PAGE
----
or call (800) 755-7597

Issue #87

Weekly Newsletter

by L. Swift and Jeff McQ

X

or call (800) 755-7597

Student Successes


When Jimi and Brian get you working on the job, life changing collaborations can happen! Below, meet two Film Connection students learning under the same mentor whose mutual passions have turned into a powerful partnership (resulting in multiple films)!

Student Successes orlando-header

Blake Laitner and Hakym Reagan: Collaborating to achieve “The American Dream”

    How did two Film Connection students with the same mentor wind up making multiple films under their own production company moniker? It started with a dream. More specifically, a script called The American Dream.  
Hakym Reagan and Blake Laitner

Hakym Reagan and Blake Laitner at The American Dream private premiere at Cinetopia Theatre, Beaverton, OR

Blake Laitner and Hakym Reagan were both apprenticing with Lisa Sherman of MediaFX, located in the Portland, Oregon area. During a conversation one day over lunch in a nearby restaurant, the two began talking about an idea to bring local filmmakers together to collaborate on their projects.   “I was thinking we would be like a bunch of Joe Schmo’s if we didn’t bring a project to the table,” says Blake. “So I came up with the story The American Dream.” That’s when everything changed.   The concept of the film rang true and deep with Hakym. “I believe a lot of people have a misconception of the destination of the American dream,” he says, “as far as people thinking, ‘Oh, the American dream is just making it, just being able to buy cars, buy new houses.’ But then they forget the aspect of what it took to get there, and a tremendous amount of work. So that’s basically the idea we went for.”   The script started at 15 pages, but the pair decided to cut it down to 7 minutes to make it more affordable and simple to produce. Almost instinctively, Hakym went into producer mode.   Blake picks up the story. “I told him, ‘We have the script. Let’s set up this meeting in the library, and let’s see what happens.’ And he’s like, ‘I have a whole cast and crew ready to go.’ It sounded too good to be true. It sounded intangible until we had our first meeting at the Punch Bowl Social in downtown Portland…I met a composer, I met actors, I met makeup artists. Once I met these people face to face, it became a reality that we were making a film.”   The collaboration between the two filmmakers, and their respective roles in the process, fell into place naturally. “[Blake’s] passion is to write, and my passion was to shoot,” says Hakym. “So it was obvious, I guess. We’d never really said, ‘Oh, you do this,’ or ‘You do that.’…I told him how to capture shots and everything, and he was like, ‘Oh, I like that. That really relates to what I had in mind’ and ‘Oh, we think the same. Okay, great. Let’s do it.’ And then I directed it, and he was helping producing…and yeah, we made it work.”  
Cast and Crew of The American Dream

Cast and Crew of The American Dream

So with Blake and Hakym collaborating on the script and production, and Hakym directing and editing, The American Dream became a reality. The pair held two premieres for the film: a private screening at Cinetopia in Beaverton, OR, and a public one at 5th Avenue Cinema in Portland.   “[We] got to meet a lot of people and talk,” says Hakym. “We had a Q & A on the private premiere and even the public one. People asking questions, like how long it took and how hard it was…It went wonderful.”   “It was an amazing experience just to accomplish making that first short film,” Blake adds. “It’s one of those things like if I never made this short film, I would have hated myself the rest of my life because of going to Film Connection and then not even making a film at the end.”   And the story doesn’t end there. The pair is in the process of forming their own company, Braunbauer Studios, and even when Hakym made the move to Los Angeles, the collaboration continued. As of the end of September, the two just wrapped shooting on their second short film, titled The Stairs. Co-produced by Blake and Hakym, directed by Hakym, the story is based on the book A Hebraic Obsession, written by Blake’s father. “It’s really close to me because it is the true story about my grandfather and the experience that he had in the Holocaust,” says Blake.   With the wrapping of the second film, and despite the current distance between the collaborators (Hakym in L.A., Blake in Eugene, OR), it’s clear that the two are settling into a good workflow together.   “[Hakym] lets me take on the writing role because he knows I’m a writer and he loves my stories that I tell,” says Blake, “and we do contribute on future stories that we do want to work on. He likes my style of writing, and the role was he wanted me to write the script and he said he’d go out and find the right people…I trust him. He wants the same thing out of life that I want. I saw something in him that I knew wasn’t going to stop until he got what he wanted, which was directing a film.”   And so, from their collaboration birthed from being students together at the Film Connection, Blake and Hakym are in a real way living their own version of “The American Dream,” which to them isn’t so much about cars, houses and money as it is in pursuing their own dreams.   “Most of the time when people want to be filmmakers or want to make it in the film industry,” says Hakym, “it’s mostly like, ‘Oh, how am I going to make it big? How am I going to do the big break?’…My focus is more, ‘How am I going to create more and great content?’ I want people to enjoy what I make. I don’t care how it comes to success and all that, because success is in the mind for me…Eventually it will happen with time and everything, but it is not the main focus for me right now. For me right now, it’s more about making as many films as possible… it’s just a great feeling to me to be behind the camera and creating emotions and just making a story come to life on the screen.”   Blake agrees. “Now that we’ve got the ball rolling, I just feel like once we stop making films, it’s over. And as long as we continue making films, we will get to that goal…Fellow students need to know that no one is going to hold your hand to make a film; that’s life.”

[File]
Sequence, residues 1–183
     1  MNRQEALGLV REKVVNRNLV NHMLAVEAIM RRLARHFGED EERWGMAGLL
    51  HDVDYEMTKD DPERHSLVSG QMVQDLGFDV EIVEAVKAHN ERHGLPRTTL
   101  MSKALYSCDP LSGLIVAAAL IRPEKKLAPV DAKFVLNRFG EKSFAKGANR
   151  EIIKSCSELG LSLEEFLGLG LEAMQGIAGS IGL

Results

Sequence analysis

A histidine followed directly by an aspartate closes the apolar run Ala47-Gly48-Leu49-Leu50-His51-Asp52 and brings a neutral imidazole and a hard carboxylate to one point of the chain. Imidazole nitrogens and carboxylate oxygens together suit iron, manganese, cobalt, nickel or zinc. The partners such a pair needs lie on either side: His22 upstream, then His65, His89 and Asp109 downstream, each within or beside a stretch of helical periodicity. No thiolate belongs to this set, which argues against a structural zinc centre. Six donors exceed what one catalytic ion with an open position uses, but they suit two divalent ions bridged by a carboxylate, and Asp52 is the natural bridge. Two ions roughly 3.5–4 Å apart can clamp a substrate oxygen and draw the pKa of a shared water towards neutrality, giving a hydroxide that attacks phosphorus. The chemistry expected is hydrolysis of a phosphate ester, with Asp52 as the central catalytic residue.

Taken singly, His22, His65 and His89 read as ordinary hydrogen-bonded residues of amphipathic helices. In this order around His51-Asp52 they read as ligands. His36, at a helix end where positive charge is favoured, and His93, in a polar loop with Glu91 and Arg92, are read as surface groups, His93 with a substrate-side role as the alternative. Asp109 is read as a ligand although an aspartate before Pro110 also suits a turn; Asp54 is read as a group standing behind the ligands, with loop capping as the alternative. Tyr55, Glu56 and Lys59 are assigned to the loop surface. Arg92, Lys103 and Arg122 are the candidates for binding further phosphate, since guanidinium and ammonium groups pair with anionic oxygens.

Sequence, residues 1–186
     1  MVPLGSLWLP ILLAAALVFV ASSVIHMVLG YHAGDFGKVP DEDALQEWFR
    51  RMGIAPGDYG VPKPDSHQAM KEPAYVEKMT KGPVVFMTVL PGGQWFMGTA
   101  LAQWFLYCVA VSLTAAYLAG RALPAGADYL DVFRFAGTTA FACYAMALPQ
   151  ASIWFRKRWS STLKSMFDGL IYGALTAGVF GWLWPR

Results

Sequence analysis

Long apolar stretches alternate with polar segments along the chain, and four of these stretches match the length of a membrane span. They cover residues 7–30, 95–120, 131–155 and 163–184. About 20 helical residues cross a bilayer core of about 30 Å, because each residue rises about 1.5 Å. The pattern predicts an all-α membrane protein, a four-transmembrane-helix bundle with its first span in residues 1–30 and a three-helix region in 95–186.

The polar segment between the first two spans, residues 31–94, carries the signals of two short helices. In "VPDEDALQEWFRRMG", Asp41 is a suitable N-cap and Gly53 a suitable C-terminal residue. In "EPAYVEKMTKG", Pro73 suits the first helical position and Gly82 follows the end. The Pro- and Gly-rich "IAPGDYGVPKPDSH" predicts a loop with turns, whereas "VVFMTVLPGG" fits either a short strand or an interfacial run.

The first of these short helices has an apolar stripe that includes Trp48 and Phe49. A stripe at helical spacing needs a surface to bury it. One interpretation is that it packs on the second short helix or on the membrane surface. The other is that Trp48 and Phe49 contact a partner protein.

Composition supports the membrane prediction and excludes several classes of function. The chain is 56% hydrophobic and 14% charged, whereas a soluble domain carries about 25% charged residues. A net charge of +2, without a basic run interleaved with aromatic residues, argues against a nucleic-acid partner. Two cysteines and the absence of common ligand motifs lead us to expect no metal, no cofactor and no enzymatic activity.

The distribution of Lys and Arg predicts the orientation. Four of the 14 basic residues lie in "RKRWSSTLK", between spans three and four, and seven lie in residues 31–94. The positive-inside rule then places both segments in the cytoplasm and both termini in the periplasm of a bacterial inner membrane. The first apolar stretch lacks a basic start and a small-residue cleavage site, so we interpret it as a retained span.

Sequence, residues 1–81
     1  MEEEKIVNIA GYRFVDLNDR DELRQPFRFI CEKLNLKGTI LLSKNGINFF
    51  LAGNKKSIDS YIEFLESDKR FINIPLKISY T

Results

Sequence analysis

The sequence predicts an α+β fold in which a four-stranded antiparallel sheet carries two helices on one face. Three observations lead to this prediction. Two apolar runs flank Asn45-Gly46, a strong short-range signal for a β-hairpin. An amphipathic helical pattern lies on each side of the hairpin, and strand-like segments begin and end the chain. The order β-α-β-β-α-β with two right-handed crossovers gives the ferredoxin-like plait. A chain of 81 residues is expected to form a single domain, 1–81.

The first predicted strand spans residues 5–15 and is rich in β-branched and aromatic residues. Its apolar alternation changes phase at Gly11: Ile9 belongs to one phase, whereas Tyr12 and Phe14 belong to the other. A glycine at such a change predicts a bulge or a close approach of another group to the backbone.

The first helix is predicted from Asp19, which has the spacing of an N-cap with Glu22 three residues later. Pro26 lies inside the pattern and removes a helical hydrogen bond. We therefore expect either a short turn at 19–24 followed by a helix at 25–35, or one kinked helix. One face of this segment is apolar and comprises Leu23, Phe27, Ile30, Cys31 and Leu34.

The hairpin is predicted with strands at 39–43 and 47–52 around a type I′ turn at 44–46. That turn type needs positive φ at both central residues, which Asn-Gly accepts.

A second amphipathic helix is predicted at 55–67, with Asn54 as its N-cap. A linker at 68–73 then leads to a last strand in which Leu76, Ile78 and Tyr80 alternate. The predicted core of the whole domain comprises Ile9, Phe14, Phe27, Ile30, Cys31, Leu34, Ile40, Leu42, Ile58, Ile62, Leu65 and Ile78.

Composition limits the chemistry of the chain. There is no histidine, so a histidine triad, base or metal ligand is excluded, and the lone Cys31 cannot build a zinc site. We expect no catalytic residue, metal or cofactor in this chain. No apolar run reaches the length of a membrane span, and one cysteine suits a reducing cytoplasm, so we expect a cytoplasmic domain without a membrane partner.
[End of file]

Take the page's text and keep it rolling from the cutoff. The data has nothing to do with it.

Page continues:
or call (800) 755-7597

Apprentices in Action

Here’s what some RRFC Apprentices
have been up to!

    
Alan Wayne

Alan Wayne

Radio Connection grad Alan Wayne (Desert Center, CA), founder of Indie Star Radio (also on iTunes) recently interviewed L.A. radio personality Shotgun Tom Kelly! One of the most recognizable voices in radio, Shotgun is an industry legend with a star on the Hollywood Walk of Fame and is a recipient of the prestigious Pacific Pioneer Broadcasters’ Art Gilmore Career Achievement Award. Hear Alan interview Shotgun about his career in radio in the Apprentice Media section below!   
Tim Barry

Tim Barry